Helene, on 12 February 2013 - 11:20 AM, said:
It wasn't a public petition like when a full-page newspaper ad in the New York Times advocating the release of a political prisoner and signed by Nobel laureates is published. It was an under-handed coup attempt when, as a man with a TV pulpit and who's the go-to guy for a pithy quote, his attempts at persuasion failed, and he obtained signatures by misrepresenting the situation to fellow artists. It was never meant to go public: it was leaked to the press.
Lawlessness breeds lawlessness, and step one is to try to establish illegitimacy. That he's been agitating relentlessly within the company is no secret. It's no surprise that, while the translation of Tsiskaridze's literal words were that if Iksanov were Orthodox, he'd understand Tsiskaridze's relationship to Yanin, does anyone really think he wasn't also saying "He's not one of us"? He's the self-proclaimed "preserver of ballet orthodoxy," which is funny when you think about it, with the Bolshoi rep having works like "Spartacus" and "Carmen" so affiliated with the company. You'd think from his words that he was chaneling Petipa, not Grigorovich.
Again, I don't condone NT's alleged misconduct, such as his improper petition (see above), which Helen outlines (see above), but that does not make his separate, proper objections and refusal to lie about colleagues wrongful, or render them the cause of the general lawless behavior described in the theatre (involving many people, described above), nor does it give rise to evidence of his own guilt in a physical attack. All exp
ression of disagreement or refusal to go along with abuse does not make one a contributor to "incivility" leading to violence.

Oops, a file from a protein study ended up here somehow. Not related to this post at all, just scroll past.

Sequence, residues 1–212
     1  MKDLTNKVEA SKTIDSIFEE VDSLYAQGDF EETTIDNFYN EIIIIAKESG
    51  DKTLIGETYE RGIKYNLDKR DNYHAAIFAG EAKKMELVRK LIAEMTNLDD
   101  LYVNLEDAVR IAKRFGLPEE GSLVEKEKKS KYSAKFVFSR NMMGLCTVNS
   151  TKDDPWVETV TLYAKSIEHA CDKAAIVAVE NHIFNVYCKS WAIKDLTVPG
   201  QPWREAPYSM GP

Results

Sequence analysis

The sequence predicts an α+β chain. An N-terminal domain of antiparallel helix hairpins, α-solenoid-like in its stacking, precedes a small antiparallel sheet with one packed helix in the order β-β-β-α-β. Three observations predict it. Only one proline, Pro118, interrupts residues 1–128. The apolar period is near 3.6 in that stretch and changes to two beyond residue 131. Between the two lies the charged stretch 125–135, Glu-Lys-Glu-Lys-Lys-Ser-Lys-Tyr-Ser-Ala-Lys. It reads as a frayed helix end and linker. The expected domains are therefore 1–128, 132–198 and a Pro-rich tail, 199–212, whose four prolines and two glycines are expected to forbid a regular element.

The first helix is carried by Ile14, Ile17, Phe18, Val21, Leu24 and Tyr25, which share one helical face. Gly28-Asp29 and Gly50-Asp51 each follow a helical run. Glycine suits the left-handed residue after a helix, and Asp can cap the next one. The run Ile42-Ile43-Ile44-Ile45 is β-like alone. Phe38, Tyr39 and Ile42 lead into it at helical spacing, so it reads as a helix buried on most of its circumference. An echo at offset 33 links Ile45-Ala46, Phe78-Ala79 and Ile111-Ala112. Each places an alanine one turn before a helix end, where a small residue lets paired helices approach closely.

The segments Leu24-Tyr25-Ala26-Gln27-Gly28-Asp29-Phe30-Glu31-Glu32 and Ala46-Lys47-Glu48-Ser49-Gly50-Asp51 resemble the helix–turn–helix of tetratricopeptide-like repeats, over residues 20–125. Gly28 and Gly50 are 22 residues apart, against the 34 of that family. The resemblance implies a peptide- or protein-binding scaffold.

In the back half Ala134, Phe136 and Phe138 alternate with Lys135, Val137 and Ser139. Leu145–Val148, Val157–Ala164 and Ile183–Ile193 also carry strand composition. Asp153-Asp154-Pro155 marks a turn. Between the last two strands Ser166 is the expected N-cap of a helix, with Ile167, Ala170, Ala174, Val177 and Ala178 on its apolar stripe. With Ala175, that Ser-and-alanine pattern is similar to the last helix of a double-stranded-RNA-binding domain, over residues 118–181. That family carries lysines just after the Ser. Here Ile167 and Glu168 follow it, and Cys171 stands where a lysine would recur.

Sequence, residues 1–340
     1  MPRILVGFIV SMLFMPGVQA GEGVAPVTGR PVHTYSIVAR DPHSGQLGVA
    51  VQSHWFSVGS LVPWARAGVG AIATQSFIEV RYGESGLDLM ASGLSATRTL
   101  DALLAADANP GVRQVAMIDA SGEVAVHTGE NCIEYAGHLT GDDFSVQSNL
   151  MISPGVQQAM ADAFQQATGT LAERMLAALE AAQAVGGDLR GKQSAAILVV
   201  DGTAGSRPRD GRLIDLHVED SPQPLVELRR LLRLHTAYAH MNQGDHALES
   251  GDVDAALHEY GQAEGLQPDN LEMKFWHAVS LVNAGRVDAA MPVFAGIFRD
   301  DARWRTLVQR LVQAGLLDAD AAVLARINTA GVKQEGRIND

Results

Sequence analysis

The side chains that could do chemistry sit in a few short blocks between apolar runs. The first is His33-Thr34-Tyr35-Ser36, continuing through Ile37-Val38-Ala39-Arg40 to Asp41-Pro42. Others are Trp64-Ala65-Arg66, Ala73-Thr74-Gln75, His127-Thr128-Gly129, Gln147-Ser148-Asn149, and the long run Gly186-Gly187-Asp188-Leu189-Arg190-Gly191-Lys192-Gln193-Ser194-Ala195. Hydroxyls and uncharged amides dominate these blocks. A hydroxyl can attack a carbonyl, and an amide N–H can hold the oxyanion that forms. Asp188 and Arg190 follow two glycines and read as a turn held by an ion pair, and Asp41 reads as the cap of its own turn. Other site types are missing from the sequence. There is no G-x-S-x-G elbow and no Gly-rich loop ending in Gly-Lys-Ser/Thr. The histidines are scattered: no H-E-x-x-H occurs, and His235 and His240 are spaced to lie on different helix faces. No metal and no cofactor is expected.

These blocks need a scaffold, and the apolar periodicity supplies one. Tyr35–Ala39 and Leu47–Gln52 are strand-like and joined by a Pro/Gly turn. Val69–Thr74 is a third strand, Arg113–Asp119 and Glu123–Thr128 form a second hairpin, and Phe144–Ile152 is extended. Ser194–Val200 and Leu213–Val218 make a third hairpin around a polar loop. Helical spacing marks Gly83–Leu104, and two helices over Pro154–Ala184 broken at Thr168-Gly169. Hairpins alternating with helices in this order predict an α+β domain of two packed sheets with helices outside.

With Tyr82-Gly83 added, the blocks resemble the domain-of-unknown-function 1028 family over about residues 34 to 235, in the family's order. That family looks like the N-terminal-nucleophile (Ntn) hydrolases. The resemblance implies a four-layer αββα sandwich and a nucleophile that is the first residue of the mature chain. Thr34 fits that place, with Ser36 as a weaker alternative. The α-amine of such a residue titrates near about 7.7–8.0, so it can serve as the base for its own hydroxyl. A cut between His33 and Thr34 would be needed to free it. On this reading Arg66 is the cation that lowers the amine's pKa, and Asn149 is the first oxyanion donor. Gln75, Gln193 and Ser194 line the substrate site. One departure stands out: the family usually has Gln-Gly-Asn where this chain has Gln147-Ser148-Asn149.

"In response three days later Nikolay Tsiskaridze appeared on the BBC with his share of accusations, accusing the Bolshoi leadership of being totalitarian. 'It's like 1937, the days of Stalin – they're constantly organizing meetings against me, they're trying to force staff to sign letters condemning me.'
Anastasia Volochkova, who was Bolshoi prima ballerina until she was sensationally sacked in 2003, took Tsiskaridze’s side. 'You absolutely cannot call it an artistic conflict, when a leadership of a theater organizes the collecting of signatures against artists, who suddenly became unwanted. That’s what Iksanov is now doing to Nikolay Tziskaridze, who has turned into an obstacle. Ten years ago Iksanov was scheming the same way against me,'
Volochkova wrote in her blog on January 22."
Writers above suggest that ballet dancers should be mute, not just for political reasons (which admittedly may benefit them), but to avoid generating an atmosphere of "lawlessness". Does the theatre have a mechanism to deal with problems? If it does not, would you be able to mute if ethnic groups, political groups, or artistic dissenters were disallowed or marginalized? If ones who did not submit to sexual harrassment were forced out or defamed? If you were attacked or blacklisted for supporting the victims? I am sure many find the safest route to keep their heads down and say nothing, but consequences arise from this, as well.
In sum, I am asking if he had not lied to obtain petitions, and had not objected to Iksanov for ethnic reasons, would you consider his public commentary about the reconstruction, his refusal to criticize and blacklist disfavored dancers and teachers, or his objection to signings letters directed against them, to be improper or a cause of lawlessness, giving rise to hacking and acid attacks? Would your answer be different based on the culture in the U.S. and the former Soviet Union?